Re-focusing Heading Into the School Year

health care studies

We know that, for our Concorde students engaged in health care studies, there is no such thing as summer vacation. Classes at Concorde start every month with class terms starting and ending year-round.

Still, summer can be a mindset. The kids are out of school, swimming pools are open, days are longer.

It’s simply a more relaxed attitude.

All of which might result in some difficulties at the end of the season of shifting back into full-on health care studies mode. So, we thought we’d help you out a bit by offering some helpful tips on how to re-focus on health care studies – and, also, re-focus your children back into school – as we transition into autumn.

Re-focusing on health care studies after summer

Transitioning out of the summer months can be a challenge, according to Zane Wilson, MBA, CPC, Director of Student Affairs and Title IX Coordinator at Concorde’s campus in Portland, Ore.

“After all, vacations, barbeques and enjoying the sun is much needed to unwind and have some fun,” he said.

A few tips from Wilson on how to switch gears from leisure mode to back-to-school includes the following:

  • Determine your “D-day:” This is the day where you have set your mind on switching gears from kicking back to hitting the books and focusing on your educational goals.
  • Promote your educational journey: Announce to friends and family that you are back on track to complete your program.
  • Solicit support: Ask family and friends for support in advance. Whether it’s encouragement, a place to stay, transportation or babysitting, ask in advance so you know how to plan moving forward.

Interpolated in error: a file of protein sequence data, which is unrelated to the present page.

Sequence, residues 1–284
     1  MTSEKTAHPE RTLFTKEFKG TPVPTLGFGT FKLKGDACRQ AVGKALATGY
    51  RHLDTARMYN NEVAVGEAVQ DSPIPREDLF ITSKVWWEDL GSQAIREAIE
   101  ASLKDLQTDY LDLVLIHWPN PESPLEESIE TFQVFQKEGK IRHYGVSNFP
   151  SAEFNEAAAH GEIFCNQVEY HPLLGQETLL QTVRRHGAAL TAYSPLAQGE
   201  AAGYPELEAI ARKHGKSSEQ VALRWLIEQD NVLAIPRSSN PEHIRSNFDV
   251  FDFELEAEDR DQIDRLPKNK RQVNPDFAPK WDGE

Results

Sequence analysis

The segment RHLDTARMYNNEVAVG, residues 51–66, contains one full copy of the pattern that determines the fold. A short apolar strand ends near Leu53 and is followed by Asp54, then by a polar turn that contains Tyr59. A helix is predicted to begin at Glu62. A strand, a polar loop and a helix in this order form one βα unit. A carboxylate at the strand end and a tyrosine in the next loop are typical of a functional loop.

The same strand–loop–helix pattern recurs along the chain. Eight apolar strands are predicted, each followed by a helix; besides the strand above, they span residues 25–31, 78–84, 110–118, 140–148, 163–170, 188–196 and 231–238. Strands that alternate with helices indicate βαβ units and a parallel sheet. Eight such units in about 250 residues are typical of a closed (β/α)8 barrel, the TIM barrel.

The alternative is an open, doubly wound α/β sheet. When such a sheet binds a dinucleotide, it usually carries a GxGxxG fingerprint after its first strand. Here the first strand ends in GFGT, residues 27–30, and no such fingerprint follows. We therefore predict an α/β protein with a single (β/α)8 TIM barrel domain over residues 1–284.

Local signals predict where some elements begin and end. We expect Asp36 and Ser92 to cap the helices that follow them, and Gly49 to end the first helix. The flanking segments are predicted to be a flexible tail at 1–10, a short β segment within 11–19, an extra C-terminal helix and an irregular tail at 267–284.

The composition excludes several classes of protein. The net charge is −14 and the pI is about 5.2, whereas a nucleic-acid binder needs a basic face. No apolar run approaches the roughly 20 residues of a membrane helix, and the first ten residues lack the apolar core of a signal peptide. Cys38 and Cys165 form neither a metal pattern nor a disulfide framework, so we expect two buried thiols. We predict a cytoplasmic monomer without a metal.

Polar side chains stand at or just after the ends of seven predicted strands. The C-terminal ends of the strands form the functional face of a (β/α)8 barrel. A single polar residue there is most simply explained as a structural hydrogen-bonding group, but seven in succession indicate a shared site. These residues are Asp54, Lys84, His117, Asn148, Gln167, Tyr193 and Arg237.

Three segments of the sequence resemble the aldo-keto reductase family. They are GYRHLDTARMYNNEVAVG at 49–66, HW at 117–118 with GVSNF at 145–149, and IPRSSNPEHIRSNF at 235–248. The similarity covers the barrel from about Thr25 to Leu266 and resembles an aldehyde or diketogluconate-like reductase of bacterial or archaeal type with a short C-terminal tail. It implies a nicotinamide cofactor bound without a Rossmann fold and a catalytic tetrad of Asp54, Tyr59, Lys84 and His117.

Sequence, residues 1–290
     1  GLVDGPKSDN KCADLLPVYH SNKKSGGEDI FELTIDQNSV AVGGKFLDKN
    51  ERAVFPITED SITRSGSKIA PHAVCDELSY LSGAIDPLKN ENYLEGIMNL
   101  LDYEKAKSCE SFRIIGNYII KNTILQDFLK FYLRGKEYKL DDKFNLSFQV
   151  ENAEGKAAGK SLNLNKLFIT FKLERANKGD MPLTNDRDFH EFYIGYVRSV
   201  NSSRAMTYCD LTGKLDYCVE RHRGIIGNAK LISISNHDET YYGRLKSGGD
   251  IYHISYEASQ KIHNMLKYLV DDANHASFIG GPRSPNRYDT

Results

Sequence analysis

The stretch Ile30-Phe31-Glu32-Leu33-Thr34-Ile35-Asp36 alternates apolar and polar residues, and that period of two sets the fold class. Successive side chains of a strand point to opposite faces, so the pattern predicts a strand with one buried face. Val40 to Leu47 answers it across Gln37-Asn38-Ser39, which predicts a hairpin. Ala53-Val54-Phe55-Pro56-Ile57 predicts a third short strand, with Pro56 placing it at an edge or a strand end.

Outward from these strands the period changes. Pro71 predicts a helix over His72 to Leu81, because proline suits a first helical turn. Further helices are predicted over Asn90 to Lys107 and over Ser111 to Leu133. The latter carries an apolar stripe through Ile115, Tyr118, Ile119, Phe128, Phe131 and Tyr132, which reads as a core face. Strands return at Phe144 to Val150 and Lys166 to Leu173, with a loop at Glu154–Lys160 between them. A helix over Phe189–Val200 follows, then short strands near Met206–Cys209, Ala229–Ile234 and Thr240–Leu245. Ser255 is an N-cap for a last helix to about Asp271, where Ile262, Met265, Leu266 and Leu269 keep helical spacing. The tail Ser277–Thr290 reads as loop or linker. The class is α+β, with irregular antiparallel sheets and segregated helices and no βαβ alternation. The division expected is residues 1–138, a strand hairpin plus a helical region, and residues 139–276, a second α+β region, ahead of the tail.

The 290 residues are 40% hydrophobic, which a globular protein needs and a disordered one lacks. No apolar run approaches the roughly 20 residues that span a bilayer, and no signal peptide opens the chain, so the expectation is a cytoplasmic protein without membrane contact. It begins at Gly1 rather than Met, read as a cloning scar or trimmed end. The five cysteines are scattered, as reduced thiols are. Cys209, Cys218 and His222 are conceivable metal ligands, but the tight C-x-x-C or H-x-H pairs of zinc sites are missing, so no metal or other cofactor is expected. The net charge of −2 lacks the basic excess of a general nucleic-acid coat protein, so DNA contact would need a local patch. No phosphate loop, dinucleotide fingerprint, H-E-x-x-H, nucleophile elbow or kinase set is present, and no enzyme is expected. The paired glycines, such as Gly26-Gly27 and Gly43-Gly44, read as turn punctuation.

Helping your children with back-to-school challenges

A lot of children don’t like back-to-school time. It means earlier bedtimes and homework. It also means change, which for some creates fear and anxiety. The website FocusOnTheFamily.com recently published a blog containing some tips for making the transition back to school easier for your kids.

  • School anxiety: The first thing you can do is validate your child’s feelings. Ask questions about his or her feelings heading into the school year. Explain that it is normal to feel jitters before school starts.
  • Work through the fear: Reduce the number of “unknown” factors leading up to the school year. Find out what you can about a new teacher and what friends will be attending. If your school offers an open house to meet teachers and organize lockers, take advantage of it. When school starts, help your child by displaying confidence and affection.
  • Create a worry-free zone: Finally, remember that your children feed off your emotions. If you are nervous, your child will pick up on that. Stay calm and confident. Your child will reflect those emotions.
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